Every day new articles appear attempting to negotiate the increasingly complex matrix of potential pros and cons. The early adopters represent one end of the spectrum while the unconvinced and skeptical characterize the other. But what about the majority of us, who fall somewhere in between these two extremes? And how many people will be influenced as more anecdotes (the good, the bad and especially the ugly) become publicized?

Between growing awareness of how—and how much—personal data is collected and utilized, with Facebook’s awkward PR spectacle this summer being the first firestorm and the expected onslaught of consumer pushback, a groundswell demanding accountability is inevitable. A more transparent explication of policies and SOPs will be a welcome, if overdue development. It also seems safe to suppose, not unlike the recent environmental or auto-safety incidents (BP and Toyota), it will require some sort of calamity to get the public’s attention, finally compelling pro-active accountability from the companies.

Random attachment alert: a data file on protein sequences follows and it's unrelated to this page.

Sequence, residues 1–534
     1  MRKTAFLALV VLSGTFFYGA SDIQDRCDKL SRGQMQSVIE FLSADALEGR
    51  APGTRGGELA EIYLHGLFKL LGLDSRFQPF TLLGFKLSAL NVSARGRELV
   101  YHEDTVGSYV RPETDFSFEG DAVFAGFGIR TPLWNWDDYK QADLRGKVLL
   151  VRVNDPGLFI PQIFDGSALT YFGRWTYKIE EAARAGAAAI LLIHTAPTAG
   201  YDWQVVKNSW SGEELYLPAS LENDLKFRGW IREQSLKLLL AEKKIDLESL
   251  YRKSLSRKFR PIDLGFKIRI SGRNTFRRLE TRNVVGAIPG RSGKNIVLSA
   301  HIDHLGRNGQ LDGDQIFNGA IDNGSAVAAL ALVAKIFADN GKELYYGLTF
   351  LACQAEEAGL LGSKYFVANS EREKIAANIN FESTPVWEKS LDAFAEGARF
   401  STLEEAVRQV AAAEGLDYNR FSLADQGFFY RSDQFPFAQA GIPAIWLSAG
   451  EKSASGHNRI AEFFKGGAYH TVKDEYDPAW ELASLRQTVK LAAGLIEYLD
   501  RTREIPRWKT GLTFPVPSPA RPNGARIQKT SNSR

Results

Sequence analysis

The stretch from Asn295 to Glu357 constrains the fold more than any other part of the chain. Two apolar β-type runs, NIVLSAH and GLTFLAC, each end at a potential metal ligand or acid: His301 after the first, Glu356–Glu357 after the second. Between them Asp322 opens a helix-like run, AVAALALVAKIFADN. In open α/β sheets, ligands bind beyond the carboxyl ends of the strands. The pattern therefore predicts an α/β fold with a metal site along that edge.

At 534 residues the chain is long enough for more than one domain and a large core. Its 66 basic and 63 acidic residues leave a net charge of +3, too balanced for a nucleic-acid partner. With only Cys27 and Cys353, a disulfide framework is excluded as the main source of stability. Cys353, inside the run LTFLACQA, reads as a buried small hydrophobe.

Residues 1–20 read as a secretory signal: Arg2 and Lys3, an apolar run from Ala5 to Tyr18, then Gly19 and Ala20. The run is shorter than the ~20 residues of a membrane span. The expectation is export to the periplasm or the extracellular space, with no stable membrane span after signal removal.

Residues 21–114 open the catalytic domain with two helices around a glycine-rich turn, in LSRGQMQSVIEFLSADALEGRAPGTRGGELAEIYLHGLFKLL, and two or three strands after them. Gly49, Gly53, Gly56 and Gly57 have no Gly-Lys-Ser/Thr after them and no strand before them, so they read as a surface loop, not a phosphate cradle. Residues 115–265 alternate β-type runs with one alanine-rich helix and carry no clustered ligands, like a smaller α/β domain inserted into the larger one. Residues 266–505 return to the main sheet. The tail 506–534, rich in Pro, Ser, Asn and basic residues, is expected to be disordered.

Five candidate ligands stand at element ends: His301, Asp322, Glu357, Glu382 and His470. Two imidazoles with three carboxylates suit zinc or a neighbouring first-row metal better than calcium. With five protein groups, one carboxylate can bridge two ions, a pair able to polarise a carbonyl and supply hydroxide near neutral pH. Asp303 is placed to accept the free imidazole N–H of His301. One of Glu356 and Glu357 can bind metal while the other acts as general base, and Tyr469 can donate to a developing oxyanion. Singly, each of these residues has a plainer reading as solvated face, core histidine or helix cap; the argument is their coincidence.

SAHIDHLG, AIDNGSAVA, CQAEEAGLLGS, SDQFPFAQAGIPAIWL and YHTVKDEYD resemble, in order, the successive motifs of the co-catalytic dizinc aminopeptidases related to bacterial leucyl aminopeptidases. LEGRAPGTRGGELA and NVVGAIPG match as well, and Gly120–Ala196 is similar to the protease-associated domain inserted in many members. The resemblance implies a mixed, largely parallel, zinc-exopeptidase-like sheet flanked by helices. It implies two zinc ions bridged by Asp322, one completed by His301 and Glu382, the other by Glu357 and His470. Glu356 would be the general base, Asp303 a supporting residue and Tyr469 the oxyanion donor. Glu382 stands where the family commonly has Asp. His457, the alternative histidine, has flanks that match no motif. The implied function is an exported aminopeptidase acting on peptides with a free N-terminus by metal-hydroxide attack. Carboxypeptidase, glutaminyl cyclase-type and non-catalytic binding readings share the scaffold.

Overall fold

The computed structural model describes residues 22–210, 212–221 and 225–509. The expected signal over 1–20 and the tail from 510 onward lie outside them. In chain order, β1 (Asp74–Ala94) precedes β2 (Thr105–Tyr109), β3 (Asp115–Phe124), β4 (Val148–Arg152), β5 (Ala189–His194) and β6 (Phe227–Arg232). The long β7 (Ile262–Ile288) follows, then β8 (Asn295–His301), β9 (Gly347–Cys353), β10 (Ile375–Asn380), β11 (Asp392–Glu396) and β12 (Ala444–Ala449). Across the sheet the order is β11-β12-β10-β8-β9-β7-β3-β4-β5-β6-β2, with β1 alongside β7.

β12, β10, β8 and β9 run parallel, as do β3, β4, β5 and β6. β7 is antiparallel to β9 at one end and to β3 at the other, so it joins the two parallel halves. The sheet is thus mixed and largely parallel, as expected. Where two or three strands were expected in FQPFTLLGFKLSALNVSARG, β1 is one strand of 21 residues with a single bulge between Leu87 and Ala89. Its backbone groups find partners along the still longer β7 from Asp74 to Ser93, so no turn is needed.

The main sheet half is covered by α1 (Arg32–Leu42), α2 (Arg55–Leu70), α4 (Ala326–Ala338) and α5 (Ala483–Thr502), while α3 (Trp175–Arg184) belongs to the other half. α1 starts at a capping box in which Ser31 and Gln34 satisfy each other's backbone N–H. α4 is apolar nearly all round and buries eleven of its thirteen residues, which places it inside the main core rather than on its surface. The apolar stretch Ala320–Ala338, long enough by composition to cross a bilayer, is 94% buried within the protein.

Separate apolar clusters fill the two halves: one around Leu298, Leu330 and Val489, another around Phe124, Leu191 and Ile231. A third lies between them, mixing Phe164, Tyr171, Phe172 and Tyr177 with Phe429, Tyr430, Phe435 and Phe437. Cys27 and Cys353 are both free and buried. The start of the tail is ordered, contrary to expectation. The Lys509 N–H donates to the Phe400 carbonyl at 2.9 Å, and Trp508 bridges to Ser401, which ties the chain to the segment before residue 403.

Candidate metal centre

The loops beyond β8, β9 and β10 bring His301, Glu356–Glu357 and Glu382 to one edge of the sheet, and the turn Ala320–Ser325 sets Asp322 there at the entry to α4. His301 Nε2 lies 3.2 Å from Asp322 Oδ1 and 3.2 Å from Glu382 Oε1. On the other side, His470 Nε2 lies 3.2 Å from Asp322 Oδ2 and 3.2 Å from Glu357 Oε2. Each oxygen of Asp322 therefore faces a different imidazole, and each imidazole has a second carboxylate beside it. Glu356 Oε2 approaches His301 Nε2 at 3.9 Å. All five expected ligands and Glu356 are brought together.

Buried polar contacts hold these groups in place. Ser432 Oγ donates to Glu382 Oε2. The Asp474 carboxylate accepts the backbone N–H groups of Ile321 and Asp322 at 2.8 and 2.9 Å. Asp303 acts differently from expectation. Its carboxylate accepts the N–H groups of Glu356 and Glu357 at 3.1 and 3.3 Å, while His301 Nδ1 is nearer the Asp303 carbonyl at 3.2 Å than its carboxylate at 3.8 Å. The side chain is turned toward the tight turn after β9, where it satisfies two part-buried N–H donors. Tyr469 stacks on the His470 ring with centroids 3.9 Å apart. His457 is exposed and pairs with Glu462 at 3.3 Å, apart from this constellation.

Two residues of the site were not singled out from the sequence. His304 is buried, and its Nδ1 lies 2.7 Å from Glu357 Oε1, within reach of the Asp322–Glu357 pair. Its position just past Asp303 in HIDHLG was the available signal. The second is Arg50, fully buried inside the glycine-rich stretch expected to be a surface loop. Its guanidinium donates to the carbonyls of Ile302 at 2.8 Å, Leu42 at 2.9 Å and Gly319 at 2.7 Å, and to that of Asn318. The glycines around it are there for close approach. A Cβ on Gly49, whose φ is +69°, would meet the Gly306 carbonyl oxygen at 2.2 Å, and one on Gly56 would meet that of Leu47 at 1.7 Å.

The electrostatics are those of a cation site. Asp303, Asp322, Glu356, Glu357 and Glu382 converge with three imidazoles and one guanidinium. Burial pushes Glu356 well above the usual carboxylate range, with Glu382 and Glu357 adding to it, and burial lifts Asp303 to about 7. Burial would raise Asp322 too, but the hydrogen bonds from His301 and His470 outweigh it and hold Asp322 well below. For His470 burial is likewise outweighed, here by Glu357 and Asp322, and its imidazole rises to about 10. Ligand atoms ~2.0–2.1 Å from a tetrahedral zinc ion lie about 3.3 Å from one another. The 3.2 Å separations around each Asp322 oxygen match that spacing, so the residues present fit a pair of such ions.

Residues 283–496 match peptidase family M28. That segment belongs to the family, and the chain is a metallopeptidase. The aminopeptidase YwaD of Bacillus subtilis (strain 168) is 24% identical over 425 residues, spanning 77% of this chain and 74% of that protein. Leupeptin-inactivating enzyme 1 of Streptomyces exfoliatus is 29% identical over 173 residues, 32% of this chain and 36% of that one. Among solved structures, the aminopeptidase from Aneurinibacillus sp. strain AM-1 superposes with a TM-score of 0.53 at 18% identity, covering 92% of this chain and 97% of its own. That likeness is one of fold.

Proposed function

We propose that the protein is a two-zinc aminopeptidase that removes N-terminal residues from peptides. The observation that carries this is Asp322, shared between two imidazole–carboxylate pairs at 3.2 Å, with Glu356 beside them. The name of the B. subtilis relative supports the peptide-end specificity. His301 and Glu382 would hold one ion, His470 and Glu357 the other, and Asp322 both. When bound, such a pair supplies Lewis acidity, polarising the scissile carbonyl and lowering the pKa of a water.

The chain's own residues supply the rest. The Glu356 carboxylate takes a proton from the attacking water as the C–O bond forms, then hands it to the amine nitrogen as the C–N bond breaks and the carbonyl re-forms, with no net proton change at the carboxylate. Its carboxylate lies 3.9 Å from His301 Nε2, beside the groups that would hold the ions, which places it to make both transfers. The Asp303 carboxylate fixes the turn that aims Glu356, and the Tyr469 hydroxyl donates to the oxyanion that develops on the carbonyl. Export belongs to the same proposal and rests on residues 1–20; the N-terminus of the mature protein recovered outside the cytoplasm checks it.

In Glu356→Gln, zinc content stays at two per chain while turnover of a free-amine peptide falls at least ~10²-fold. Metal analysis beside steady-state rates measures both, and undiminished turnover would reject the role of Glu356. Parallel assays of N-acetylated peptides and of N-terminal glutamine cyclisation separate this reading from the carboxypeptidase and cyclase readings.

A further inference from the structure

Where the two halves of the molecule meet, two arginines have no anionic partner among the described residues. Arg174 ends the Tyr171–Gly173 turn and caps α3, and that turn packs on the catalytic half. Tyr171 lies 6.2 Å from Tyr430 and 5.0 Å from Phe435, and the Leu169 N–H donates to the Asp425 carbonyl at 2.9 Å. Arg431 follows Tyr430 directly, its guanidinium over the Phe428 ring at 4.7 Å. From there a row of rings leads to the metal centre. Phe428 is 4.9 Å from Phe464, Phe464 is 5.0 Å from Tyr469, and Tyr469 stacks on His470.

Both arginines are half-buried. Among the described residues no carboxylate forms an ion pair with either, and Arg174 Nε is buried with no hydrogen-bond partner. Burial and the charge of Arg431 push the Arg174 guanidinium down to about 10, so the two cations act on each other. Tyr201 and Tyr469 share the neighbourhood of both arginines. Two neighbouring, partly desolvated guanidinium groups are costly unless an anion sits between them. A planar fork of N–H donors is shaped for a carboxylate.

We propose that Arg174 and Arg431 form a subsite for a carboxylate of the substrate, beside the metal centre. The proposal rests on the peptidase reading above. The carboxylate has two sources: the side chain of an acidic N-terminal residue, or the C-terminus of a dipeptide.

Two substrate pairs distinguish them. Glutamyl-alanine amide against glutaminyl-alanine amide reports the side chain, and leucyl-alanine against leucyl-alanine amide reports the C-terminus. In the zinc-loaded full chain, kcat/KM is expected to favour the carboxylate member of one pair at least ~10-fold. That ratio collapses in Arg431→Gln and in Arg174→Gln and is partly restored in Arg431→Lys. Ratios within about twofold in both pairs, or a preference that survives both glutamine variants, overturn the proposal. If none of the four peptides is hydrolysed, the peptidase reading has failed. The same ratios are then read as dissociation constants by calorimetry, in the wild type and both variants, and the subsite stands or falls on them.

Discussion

IS LEGISLATION INEVITABLE?

It is not exactly a stretch to see where some of these open issues are headed, and how they may ultimately be resolved. The question for now is: is legislation necessary and how effective can it possibly be? Certainly, if companies are slow or reluctant to fully disclose their business practices as they relate to data capture, there will be a concerted push to create and enact new laws.

This will make businesses bristle, but it should also make consumers wary. With general sentiment toward government at a nadir, the prospect of entrusting politicians to wrangle with these issues is not exactly consoling. And then there is the proposition of a clichéd “Big Brother” in charge of overseeing this bounty of personal detail. Put bluntly, the one thing some Americans may fear more than unregulated corporations is a feckless government with good intentions.

As usual, one way to troubleshoot the possibility of a legislative imbroglio is to review where we are and how we arrived here. Considering the regrettable fact that few people inside the corporate bubble fully grasp the nuances of Internet technology, it is unrealistic to imagine many (if any) of our politicians having an adequate handle on how things work—much less being able to cultivate a balance between the entrepreneurial spirit and consumer rights. On the other hand, the Internet—in its myriad manifestations—is a massive component of the U.S. economy. As such, it behooves tech firms to view these challenges as a potential opportunity to engage and foster a meaningful dialogue.